Written by Brad Miller, graduate assistant
This year at the Albert Gore Research Center we decided to do something a little different for Veterans Day. Back in September, we began looking through our large collection of oral histories from the Middle Tennessee Oral History Project and Veterans Oral Histories to better understand the diversity of service and experience. From World War II to the recent wars in Afghanistan and Iraq, Middle Tennesseans have served across the globe in a number of military branches and functions. Most importantly, we were reminded that no two war time experiences were the same. It is quite simple to forget about the contributions and sacrifice of the individual when thinking about the larger action and consequence of war.
Charles Frederick Jacobus’ experience in Europe during World War II reveals the stark realities for young men in war that fostered a strong sense of camaraderie among one another:
When all this started, we were all kids and until we were on the end of a gun or firing at the enemy and the first shot was fired, we began to grow up. And with each invasion or battle and a funeral, we were really men. Every day, each month, we became real friends, and if there were every a family, this was one.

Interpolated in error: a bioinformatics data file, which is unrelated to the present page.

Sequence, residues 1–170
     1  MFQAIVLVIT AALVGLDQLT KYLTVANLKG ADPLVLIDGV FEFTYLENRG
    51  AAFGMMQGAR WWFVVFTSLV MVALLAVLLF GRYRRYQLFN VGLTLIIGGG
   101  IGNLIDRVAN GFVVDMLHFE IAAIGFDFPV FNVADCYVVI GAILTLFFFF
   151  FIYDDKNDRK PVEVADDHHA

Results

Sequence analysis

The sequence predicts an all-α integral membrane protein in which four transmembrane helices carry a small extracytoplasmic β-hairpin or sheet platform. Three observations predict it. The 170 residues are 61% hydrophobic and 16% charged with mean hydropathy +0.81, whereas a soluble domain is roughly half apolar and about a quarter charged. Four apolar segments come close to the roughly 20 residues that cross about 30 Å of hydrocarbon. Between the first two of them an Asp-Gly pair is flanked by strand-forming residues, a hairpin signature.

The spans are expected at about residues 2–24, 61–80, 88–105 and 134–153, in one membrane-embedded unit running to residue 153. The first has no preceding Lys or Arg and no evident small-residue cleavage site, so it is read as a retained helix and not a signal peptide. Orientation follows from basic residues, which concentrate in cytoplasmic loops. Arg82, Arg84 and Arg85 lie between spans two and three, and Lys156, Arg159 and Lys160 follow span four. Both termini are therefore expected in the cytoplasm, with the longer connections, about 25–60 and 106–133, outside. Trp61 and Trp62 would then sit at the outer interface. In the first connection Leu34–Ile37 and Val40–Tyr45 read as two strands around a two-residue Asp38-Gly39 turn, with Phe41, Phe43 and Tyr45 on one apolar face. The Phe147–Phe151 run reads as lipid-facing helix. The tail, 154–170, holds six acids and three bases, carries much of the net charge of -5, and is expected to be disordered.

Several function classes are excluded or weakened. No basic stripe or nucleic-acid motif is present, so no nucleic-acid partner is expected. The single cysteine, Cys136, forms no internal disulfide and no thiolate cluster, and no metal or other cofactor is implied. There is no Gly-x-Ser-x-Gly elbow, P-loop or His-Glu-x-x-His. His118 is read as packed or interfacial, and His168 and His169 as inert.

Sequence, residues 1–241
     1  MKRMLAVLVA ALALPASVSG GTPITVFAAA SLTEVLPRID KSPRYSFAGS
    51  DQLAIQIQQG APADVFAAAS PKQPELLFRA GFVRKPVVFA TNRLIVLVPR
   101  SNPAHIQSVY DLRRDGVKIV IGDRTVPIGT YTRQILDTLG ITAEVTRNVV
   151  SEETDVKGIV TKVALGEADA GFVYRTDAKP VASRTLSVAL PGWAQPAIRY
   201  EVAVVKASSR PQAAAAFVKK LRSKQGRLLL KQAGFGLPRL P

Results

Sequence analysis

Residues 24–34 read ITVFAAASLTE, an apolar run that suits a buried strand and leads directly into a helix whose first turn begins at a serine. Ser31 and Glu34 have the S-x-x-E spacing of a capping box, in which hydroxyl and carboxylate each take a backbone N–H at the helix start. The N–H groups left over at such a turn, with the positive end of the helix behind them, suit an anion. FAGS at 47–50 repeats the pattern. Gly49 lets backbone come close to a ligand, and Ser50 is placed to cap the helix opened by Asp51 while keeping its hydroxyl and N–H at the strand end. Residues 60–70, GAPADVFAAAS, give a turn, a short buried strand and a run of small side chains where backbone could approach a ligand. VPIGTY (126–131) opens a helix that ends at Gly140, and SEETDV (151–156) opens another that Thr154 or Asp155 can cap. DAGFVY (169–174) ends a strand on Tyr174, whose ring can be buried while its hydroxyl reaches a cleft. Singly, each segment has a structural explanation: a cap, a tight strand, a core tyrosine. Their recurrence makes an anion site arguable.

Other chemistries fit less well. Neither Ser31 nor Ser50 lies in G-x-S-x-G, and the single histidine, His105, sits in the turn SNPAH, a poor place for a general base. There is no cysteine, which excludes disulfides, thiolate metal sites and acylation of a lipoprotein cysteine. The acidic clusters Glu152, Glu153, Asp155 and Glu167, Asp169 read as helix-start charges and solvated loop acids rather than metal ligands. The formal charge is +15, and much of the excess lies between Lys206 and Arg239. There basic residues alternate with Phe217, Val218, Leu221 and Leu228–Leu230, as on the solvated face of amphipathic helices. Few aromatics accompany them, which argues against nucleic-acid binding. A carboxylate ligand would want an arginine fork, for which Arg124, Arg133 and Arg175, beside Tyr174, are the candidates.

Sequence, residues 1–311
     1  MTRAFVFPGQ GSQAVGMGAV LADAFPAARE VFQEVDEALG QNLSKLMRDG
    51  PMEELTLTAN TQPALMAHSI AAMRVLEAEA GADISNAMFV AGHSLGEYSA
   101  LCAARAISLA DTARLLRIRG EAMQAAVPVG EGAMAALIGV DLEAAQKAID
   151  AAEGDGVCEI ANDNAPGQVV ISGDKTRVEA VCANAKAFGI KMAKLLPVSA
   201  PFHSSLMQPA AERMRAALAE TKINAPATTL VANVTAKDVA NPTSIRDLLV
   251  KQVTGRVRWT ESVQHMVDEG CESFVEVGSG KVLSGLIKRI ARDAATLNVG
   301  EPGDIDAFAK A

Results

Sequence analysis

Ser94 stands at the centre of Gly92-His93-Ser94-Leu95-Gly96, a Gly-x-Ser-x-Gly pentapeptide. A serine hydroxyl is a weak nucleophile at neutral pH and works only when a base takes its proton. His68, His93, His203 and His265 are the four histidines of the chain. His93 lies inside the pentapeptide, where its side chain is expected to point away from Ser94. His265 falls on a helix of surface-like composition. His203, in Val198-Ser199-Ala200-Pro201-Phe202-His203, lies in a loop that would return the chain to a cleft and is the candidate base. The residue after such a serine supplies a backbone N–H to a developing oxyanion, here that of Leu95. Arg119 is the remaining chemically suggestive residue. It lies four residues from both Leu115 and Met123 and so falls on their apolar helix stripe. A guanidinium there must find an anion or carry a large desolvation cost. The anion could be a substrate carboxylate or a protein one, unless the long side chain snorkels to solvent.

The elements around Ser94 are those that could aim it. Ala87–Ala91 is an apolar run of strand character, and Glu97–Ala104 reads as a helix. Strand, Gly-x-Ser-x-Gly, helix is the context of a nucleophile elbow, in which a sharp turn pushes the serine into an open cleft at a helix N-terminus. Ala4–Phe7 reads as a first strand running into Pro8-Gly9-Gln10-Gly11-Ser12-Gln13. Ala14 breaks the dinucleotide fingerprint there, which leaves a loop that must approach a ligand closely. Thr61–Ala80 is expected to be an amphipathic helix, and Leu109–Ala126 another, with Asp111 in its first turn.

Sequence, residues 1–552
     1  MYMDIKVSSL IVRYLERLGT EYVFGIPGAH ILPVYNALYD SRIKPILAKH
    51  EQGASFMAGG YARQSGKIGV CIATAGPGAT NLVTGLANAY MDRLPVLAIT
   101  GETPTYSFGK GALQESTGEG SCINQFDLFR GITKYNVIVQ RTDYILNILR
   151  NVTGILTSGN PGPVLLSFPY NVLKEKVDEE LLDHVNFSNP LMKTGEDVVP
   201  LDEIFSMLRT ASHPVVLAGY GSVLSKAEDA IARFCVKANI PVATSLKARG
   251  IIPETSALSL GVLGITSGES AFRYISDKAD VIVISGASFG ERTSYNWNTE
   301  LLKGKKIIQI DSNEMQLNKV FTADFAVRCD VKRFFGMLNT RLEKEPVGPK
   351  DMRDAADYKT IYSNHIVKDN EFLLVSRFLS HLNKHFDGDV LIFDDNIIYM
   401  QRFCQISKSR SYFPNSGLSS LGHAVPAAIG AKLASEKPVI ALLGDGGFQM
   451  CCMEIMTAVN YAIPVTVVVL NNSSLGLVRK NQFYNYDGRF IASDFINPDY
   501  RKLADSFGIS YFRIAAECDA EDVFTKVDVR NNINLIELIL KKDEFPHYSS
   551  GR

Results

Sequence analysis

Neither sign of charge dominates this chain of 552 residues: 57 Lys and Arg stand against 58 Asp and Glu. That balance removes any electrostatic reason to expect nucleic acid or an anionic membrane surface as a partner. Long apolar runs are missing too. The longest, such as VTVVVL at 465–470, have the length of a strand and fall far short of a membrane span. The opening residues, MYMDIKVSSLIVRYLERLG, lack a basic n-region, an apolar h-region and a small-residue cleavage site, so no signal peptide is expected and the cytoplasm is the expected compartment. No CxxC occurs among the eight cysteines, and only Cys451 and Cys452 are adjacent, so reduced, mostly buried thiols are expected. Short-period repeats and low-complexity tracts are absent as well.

-Charles Frederick Jacobus, United States Navy, World War II
In order to highlight the veterans’ voices in our collection, we decided to create a small exhibit that connects their stories with a place on the map. The words of Charles Frederick Jacobus and many others make us think about the past in different way. Oral histories evoke an emotional human element that reveals both events of the past and the ways individuals remember these experiences.
We have also pulled several of our WWII museum objects that focus on the Tennessee Maneuvers and women’s roles in United States military.
Please stop by anytime to check out the exhibit, ask questions, or further explore our collections. We are open Monday-Friday, 9:00am to 4:00pm.